At this year's annual South by Southwest film and music festival in Austin, Texas, some musicians from Mali were on hand to promote a film about how their lives were upturned by jihadists who destroyed ancient treasures in the city of Timbuktu and prohibited anyone from playing music under threat of death. As VOA’s Greg Flakus reports from Austin, some are afraid to return to their hometowns even though the jihadists are no longer in control there.
Video

Video Film Tells Story of Musicians in Mali Threatened by Jihadists

At this year's annual South by Southwest film and music festival in Austin, Texas, some musicians from Mali were on hand to promote a film about how their lives were upturned by jihadists who destroyed ancient treasures in the city of Timbuktu and prohibited anyone from playing music under threat of death. As VOA’s Greg Flakus reports from Austin, some are afraid to return to their hometowns even though the jihadists are no longer in control there.
Video

Video With Coalition Airstrikes, Iraq Entering 'Last Page' of IS Battle

American warplanes joined Iraq's battle against the so-called 'Islamic State' in northern Iraq late Wednesday, as Iraqi ground troops launched a massive assault on Tikrit. Analysts say the offensive could take the coalition a step further towards Mosul, the largest city held by Islamic State forces. Others say it could also deepen already-dangerous sectarian tensions in the region. VOA's Heather Murdock has more from Cairo.
Video

Video Philippines Wants Tourists Spending Money at New Casinos

Tourism is a multi-billion dollar industry in the Philippines. Close to five million foreign visitors traveled there last year, perhaps lured by the country’s tropical beaches. But Jason Strother reports from Manila that the country hopes to entice more travelers to stay indoors and spend money inside new casinos.
Video

Video Civilian Casualties Push Men to Join Rebels in Ukraine

The continued fighting in eastern Ukraine and the shelling of civilian neighborhoods seem to be pushing more men to join the separatist fighters. Many of the new recruits are residents of Ukraine made bitter by new grievances, as well as old. VOA's Patrick Wells reports.
Video

Video Islamic State Prisoners Talk of Curiosity, God, Regret

Islamic State fighter, a prisoner of Kurdish YPG forces, asked his family asking for forgiveness: "I destroyed myself and I destroyed them along with me." The Syrian youth was one of two detainees who spoke to VOA’s Kurdish Service about the path they chose; their names have been changed and identifying details obscured. VOA's Zana Omer reports.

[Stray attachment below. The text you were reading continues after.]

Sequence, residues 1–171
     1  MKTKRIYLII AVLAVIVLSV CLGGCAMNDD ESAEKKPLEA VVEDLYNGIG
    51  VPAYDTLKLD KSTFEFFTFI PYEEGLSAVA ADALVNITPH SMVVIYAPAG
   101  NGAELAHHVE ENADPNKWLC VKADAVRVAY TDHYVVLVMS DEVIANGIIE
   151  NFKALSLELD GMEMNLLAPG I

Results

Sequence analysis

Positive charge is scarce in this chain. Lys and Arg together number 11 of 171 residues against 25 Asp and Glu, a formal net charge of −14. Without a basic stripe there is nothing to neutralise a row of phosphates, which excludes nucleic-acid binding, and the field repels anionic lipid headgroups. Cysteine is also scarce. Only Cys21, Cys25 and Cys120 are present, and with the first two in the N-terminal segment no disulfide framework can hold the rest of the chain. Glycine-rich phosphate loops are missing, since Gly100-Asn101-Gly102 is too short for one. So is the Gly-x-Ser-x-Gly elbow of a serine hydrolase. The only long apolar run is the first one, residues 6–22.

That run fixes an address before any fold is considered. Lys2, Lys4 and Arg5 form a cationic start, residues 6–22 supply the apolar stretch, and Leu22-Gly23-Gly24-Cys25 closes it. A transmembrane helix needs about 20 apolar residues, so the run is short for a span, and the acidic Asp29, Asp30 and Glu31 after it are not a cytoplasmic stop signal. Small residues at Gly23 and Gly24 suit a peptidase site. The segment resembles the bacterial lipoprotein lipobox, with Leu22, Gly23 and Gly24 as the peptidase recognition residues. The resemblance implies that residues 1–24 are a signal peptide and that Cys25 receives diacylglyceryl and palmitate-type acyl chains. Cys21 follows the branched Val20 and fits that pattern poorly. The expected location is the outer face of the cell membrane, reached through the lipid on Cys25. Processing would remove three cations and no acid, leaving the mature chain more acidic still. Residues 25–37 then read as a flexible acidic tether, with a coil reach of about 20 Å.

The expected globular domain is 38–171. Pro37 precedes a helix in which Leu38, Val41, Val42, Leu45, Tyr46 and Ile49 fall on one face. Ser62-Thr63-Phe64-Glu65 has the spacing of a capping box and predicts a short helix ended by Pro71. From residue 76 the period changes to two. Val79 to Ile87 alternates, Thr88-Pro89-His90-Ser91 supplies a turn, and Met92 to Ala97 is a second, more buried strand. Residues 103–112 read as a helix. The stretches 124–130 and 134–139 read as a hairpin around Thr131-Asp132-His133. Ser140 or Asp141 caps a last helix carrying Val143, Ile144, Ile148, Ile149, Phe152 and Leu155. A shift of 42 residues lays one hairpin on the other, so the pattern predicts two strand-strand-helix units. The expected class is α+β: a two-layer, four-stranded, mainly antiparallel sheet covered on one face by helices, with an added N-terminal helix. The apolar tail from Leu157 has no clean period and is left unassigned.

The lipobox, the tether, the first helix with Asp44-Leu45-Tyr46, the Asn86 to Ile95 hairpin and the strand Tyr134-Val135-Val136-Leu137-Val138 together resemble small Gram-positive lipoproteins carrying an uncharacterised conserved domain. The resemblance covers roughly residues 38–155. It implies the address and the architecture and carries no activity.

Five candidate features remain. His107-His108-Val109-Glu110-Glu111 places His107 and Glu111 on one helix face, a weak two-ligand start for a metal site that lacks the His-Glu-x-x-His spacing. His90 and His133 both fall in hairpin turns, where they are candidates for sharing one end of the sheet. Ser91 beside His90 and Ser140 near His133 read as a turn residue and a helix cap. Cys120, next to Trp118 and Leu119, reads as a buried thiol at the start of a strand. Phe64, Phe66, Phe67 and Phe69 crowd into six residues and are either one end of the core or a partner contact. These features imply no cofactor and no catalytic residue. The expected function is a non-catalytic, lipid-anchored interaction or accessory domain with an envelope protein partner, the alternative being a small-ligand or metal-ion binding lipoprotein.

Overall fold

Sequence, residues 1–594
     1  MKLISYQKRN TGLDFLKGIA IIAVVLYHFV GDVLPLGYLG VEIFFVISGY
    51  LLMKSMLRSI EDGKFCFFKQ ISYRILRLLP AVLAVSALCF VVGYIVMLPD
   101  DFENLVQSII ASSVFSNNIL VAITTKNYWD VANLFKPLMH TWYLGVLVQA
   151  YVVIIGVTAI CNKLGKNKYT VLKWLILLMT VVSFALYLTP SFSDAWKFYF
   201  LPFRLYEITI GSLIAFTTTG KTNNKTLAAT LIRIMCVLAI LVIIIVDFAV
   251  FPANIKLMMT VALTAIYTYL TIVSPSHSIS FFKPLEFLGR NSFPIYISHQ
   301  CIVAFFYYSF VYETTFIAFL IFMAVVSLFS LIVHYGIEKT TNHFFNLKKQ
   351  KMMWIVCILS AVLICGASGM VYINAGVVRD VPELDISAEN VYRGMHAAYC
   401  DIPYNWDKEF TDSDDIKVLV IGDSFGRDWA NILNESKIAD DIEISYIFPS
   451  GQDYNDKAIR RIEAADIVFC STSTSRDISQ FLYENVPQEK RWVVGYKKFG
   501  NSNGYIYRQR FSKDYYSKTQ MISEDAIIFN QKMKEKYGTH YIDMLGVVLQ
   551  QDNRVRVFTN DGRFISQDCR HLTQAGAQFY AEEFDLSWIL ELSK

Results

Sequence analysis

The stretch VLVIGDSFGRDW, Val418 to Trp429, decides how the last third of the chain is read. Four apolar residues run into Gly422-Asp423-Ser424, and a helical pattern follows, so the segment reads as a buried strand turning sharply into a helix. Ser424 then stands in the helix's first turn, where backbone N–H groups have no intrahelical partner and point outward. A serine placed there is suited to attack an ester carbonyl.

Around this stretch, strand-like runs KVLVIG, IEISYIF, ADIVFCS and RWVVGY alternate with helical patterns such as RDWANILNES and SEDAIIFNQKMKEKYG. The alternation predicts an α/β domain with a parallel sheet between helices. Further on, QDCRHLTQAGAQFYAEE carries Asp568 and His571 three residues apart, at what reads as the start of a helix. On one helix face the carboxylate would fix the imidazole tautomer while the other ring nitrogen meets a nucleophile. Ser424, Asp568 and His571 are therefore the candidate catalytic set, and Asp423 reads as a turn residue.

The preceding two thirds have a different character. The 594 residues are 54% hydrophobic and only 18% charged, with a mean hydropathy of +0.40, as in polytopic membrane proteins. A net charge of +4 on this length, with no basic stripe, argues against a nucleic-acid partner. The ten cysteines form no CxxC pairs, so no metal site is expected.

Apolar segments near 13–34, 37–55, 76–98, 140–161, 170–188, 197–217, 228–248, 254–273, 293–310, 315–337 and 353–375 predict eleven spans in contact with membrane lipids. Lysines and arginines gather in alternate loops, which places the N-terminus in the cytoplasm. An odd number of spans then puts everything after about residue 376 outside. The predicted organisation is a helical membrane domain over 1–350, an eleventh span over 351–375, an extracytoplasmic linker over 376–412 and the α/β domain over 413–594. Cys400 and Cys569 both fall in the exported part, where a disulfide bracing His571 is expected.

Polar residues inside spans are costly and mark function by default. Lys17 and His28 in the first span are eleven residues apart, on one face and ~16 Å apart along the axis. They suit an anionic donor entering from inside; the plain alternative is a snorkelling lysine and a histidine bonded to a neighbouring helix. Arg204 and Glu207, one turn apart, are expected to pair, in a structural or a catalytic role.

Video

Video Germanwings Findings Raise Issue of Psychological Testing for Pilots

More is being discovered about the co-pilot in the crash of Germanwings Flight 9525 in the French Alps. Investigators say he was hiding a medical condition, raising questions about the mental qualifications of pilots. VOA's Carolyn Presutti reports.
Video

Video Hi-tech Motorbike Helmet's Goal: Improve Road Safety

In cities with heavily congested traffic, people can get around much faster on a motorcycle than in a car. But a rider who is not sure of his route may have to stop to look at the map or consult a GPS. A Russian start-up company is working to make navigation easier for motorcyclists. Designers at Moscow-based LiveMap are developing a smart helmet with a built-in navigation system, head-mounted display and voice recognition. Zlatica Hoke has more.
Video

Video DOJ: Illinois National Guard Soldier Tried to Join ISIS

U.S. federal law enforcement agents arrested two suburban Chicago men accused of trying to join ISIS overseas, while also plotting attacks in the United States. As VOA’s Kane Farabaugh reports from the Midwest state of Illinois, one of those arrested is a soldier of the Illinois National Guard.
Video

Video New Wheelchair Is Easier to Use, Increases Mobility

Traditional push-rim wheelchairs create a lot of stress for arm, shoulder and neck muscles and joints. A redesigned chair, based on readily available bicycle technology, radically increases mobility while reducing the physical effort. VOA’s George Putic reports.
Video

Video Liberia's Almost Last Ebola Patient Grateful but Still Grieving

Beatrice Yardolo was to make history as Liberia’s last Ebola patient. Liberians recently started counting down 42 days, the period that has to go by without a single new infection until the World Health Organization can declare a country Ebola-free. That countdown stopped on March 20 when there was another new case of Ebola, making Yardolo’s story a reminder that Ebola is far from over. Benno Muchler reports from Monrovia.
Video

Video Cambodian Land Grabs Threaten Traditional Communities

Indigenous communities in Cambodia's Ratanakiri province say the government’s economic land concession policy is taking away their land and traditional way of life, making many fear that their identity will soon be lost. Local authorities, though, have denied this is the case. VOA's Say Mony went to investigate and filed this report, narrated by Colin Lovett.
Video

Video Space Program Status Disappoints 'Last Man on the Moon'

One of the films that drew big crowds last week at the annual South by Southwest festival in Austin, Texas, tells the story of the last human being to stand on the moon, U.S. astronaut Eugene Cernan. It has been 42 years since Cernan returned from the moon and he laments that no one else has gone there since. VOA’s Greg Flakus reports.

VOA Blogs

Circumventing Censorship

An Internet Primer for Healthy Web Habits

As surveillance and censoring technologies advance, so, too, do new tools for your computer or mobile device that help protect your privacy and break through Internet censorship.
More